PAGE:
At the last Morning Prayers service of the fall semester, Lucy began by reading a passage from 1 Corinthians 16: Be watchful. Stand firm in your faith. Be strong. Be courageous. Let all that you do be done in love. I took those words as a charge, especially the last two sentences. And I believed her when she said, a few minutes later, “The promise of Advent is that we will be met by the One who loves us, no matter.”

Two days later, at church, Emily read aloud from Isaiah: Comfort, comfort my people, says the Lord your God. Centuries before the birth of Christ, Isaiah spoke to a people who were weary and heartbroken. He had harsh words for them, sometimes – but he also offered comfort and hope.

I’ve been thinking, as I often do in Advent, about Mary: reading Laurie Sheck’s words about the “honest grace” of her body, her inability to hide her fear, her acknowledgment that her hands are “simply empty.” She was young and untried, alone and afraid. But as Kathleen Norris says in her essay on the Annunciation, “Mary proceeds – as we must do in life – making her commitment without knowing much about what it will entail or where it will lead.” She walked forward, with courage and love, into a new reality that must have felt uncertain, precarious, dark.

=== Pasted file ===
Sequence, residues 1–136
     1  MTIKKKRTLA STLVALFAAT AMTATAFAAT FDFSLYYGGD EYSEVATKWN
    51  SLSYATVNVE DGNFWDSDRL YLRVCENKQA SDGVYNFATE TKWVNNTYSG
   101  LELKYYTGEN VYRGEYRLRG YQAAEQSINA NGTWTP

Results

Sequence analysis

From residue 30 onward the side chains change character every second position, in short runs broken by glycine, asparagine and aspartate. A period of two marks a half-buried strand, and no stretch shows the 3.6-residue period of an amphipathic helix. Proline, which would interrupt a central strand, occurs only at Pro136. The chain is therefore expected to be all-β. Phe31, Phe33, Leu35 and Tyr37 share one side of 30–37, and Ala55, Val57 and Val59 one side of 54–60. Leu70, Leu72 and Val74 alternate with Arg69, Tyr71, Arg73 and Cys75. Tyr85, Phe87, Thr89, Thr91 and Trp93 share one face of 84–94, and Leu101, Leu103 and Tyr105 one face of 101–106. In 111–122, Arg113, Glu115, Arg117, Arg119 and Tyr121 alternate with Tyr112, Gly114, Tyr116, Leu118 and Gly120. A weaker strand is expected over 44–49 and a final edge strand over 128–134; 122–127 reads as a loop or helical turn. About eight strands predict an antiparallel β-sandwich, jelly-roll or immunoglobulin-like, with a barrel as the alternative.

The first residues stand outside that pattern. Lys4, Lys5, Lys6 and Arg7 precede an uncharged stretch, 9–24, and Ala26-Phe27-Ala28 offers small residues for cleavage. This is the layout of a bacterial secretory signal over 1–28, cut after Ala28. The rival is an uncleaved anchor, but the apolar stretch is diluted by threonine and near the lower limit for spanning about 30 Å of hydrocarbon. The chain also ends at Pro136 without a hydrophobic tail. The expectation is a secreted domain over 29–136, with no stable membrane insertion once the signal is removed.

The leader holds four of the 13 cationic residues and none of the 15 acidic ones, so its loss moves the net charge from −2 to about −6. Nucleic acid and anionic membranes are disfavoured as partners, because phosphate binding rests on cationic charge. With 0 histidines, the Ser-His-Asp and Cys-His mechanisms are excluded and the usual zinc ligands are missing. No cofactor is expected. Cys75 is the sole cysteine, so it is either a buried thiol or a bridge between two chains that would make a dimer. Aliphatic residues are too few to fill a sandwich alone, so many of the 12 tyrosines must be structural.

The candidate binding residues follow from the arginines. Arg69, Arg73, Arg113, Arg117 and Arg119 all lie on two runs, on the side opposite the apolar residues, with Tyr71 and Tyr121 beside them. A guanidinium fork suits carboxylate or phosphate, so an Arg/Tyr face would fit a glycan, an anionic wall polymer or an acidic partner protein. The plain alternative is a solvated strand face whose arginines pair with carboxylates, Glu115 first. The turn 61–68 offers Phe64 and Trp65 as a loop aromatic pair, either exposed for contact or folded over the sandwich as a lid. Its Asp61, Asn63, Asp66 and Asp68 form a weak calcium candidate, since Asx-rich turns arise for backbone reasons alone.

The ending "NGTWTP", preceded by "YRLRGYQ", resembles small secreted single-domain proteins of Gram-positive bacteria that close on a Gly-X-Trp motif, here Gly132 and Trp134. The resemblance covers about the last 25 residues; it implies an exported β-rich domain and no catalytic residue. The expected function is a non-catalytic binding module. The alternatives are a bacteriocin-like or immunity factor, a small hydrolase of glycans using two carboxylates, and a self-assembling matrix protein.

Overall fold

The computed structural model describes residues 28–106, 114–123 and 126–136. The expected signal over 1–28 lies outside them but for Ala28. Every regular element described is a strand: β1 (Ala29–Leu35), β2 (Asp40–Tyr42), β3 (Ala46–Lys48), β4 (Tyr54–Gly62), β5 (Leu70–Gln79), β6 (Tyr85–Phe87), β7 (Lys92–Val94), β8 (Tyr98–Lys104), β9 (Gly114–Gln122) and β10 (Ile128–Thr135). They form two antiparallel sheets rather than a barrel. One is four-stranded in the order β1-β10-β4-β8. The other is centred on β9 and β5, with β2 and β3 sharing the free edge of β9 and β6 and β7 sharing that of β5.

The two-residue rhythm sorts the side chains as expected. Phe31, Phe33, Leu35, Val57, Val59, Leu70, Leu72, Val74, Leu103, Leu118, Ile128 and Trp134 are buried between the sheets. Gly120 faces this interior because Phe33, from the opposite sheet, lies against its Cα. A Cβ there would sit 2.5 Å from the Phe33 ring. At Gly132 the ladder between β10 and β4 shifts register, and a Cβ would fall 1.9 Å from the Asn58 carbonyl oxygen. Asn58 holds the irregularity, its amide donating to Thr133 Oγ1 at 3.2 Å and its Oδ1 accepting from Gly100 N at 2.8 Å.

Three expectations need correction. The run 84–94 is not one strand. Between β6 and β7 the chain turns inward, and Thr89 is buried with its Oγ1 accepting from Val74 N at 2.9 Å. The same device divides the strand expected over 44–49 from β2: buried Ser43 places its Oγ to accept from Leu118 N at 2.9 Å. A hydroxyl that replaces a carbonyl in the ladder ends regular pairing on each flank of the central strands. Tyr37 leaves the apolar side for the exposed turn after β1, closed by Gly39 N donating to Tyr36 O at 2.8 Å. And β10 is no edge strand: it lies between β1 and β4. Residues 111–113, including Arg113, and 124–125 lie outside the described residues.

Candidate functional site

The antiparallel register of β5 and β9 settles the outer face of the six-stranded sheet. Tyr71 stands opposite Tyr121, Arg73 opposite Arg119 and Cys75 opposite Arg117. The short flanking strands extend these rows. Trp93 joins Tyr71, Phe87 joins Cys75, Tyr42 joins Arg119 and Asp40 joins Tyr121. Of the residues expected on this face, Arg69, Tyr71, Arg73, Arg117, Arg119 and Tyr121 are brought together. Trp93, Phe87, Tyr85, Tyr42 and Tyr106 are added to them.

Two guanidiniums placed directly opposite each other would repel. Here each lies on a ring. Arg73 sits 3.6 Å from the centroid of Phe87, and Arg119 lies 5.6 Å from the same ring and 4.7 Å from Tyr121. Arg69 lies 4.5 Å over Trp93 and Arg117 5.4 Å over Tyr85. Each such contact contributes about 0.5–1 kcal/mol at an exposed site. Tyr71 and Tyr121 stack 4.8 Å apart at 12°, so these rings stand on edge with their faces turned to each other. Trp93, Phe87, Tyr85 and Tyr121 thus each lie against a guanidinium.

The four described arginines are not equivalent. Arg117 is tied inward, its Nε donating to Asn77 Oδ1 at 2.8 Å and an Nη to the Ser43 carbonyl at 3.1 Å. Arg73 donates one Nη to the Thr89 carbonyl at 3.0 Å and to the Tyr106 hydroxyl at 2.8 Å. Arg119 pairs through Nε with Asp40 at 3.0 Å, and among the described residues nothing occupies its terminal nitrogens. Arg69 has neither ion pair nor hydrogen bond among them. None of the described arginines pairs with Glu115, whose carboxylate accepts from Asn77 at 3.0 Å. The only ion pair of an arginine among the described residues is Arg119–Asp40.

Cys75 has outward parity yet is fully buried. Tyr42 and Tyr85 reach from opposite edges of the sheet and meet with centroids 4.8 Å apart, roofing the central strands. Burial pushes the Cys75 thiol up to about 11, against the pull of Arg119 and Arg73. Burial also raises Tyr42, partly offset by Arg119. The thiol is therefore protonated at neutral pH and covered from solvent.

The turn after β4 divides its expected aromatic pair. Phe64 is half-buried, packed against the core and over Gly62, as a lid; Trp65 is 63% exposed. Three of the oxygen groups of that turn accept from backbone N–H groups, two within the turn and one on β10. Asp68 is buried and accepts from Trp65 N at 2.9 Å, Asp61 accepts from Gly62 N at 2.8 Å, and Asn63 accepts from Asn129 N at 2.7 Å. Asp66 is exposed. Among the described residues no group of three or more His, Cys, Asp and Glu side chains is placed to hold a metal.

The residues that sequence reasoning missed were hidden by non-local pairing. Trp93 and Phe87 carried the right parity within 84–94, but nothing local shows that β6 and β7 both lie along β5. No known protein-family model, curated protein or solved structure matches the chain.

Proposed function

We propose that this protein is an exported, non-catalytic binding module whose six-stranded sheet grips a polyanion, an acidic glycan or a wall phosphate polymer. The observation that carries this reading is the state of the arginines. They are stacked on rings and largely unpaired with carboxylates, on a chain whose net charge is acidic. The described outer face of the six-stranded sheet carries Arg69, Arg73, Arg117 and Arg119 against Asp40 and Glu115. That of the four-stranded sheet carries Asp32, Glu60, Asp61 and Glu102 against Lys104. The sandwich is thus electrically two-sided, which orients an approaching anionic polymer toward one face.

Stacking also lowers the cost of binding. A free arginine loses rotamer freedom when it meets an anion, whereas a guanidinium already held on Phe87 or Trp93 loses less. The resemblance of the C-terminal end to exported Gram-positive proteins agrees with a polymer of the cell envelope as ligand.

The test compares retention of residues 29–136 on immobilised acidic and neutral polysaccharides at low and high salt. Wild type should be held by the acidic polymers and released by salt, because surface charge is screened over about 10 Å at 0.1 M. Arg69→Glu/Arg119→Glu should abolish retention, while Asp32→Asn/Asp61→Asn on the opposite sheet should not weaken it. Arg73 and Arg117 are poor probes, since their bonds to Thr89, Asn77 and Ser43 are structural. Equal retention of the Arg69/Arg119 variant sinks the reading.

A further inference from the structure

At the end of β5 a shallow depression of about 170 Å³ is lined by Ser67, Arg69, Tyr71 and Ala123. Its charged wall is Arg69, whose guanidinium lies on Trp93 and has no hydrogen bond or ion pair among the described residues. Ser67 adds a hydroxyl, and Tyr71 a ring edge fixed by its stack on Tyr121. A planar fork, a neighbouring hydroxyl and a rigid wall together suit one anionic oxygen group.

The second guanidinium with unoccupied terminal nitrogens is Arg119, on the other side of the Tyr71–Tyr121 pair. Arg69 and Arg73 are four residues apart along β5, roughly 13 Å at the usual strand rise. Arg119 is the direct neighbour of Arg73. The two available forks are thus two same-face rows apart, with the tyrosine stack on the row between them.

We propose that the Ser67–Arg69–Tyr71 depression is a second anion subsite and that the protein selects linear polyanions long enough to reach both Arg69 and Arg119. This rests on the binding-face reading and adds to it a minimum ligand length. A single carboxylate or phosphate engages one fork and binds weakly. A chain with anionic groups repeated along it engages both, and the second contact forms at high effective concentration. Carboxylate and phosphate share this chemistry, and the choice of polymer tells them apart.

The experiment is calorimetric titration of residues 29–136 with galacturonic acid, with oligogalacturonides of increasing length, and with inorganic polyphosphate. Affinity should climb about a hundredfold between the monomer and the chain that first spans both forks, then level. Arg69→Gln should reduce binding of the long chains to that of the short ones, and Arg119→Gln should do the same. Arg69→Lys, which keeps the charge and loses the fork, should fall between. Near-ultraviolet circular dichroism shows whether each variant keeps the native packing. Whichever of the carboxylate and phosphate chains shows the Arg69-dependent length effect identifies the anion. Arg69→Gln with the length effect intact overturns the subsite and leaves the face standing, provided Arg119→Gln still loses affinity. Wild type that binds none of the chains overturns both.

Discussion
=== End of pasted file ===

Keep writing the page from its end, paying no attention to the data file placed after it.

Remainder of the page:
Singing carols this year feels more like an act of tenuous hope than an affirmation of faith or joy: the promise of God’s coming into our midst feels a long way off. But I am still humming O Come O Come Emmanuel, with all its aching longing. I am thinking, like my friend Claire, about the middle verses of beloved carols, which wrestle with the darkness and also seek out the spark of light. I am hearing again the voices of my dad’s friends Buddy and Clay, singing O Holy Night at our church in Dallas when I was a little girl: A thrill of hope, the weary world rejoices. And I am humming the Magnificat, with Rachel’s words in mind.